- Not all learners are going to be “persuadable”.
In a perfect world, every learner who enrolls in your eLearning course or participates in your mandatory online training event would be motivated to learn and interested in every piece of information. However, the simple truth is that there are some learners who may not be “persuadable”. They may not be able to see what’s “in it for them” for one reason or another, or feel as though they have no need for the information you are providing. This is why it’s essential to research your audience. You need to know what information they are looking for and what benefits they need to receive from the eLearning course, or else you won’t find their source of motivation.
- Stories can sway learners and highlight real world benefits.
You can include an abundance of articles, facts, statistics and other hard data, but nothing is as compelling as a well told story. Stories are powerful tools with respect to persuasive learning. They help the learner to relate to the subject matter and highlight real world benefits in a personal and profound way. When learners are able to see how a character in a story has benefited from the information or used in their real lives, this immediately generates interest and inspiration. They can now reflect upon how their experiences might help them to complete the eLearning course, as well as how the subject matter is going to provide them with opportunities outside of the online classroom.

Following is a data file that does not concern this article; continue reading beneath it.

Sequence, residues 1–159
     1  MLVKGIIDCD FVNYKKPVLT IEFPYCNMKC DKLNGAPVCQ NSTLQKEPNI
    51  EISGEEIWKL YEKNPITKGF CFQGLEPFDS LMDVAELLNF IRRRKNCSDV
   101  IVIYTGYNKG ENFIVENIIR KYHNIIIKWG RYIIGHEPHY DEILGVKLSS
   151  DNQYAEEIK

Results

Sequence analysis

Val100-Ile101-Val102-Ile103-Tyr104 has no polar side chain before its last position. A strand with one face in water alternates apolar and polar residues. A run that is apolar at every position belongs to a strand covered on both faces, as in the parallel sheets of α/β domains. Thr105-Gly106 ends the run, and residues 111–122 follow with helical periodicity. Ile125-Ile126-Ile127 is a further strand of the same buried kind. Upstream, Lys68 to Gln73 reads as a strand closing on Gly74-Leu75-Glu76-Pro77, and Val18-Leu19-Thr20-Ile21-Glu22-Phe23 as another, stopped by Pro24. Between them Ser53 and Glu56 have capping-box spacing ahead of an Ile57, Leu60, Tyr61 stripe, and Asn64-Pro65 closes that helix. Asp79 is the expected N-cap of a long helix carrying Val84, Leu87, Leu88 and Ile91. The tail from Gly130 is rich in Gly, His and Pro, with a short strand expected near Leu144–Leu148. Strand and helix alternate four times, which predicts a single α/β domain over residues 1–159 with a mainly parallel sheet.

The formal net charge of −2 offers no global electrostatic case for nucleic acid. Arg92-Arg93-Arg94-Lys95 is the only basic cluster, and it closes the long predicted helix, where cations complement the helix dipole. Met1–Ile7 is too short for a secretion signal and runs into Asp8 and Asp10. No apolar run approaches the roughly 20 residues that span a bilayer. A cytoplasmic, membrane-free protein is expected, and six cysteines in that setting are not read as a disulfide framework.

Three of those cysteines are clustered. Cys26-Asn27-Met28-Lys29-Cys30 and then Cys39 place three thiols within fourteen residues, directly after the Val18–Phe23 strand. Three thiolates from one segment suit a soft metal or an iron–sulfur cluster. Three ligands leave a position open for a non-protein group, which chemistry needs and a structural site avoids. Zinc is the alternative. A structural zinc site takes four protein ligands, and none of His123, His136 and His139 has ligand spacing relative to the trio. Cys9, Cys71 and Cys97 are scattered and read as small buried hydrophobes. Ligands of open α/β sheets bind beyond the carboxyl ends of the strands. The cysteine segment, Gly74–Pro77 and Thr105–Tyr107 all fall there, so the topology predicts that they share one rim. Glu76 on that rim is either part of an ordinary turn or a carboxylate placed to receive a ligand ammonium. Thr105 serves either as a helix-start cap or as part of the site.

- Identify an urgent need and address it within your eLearning course.
Your learners have a need that must be met. By identifying this urgent need and addressing it in your eLearning course, you gain the power to create a sense of immediacy that will serve as a driving force for your learners. Let them know the rewards they can expect to receive right now, rather than emphasizing those that they will achieve in the near future. Tell them exactly what they will get out of the course in the here-and-now, because this will encourage them to take an active role in the learning process.
- A little positive feedback goes a long way.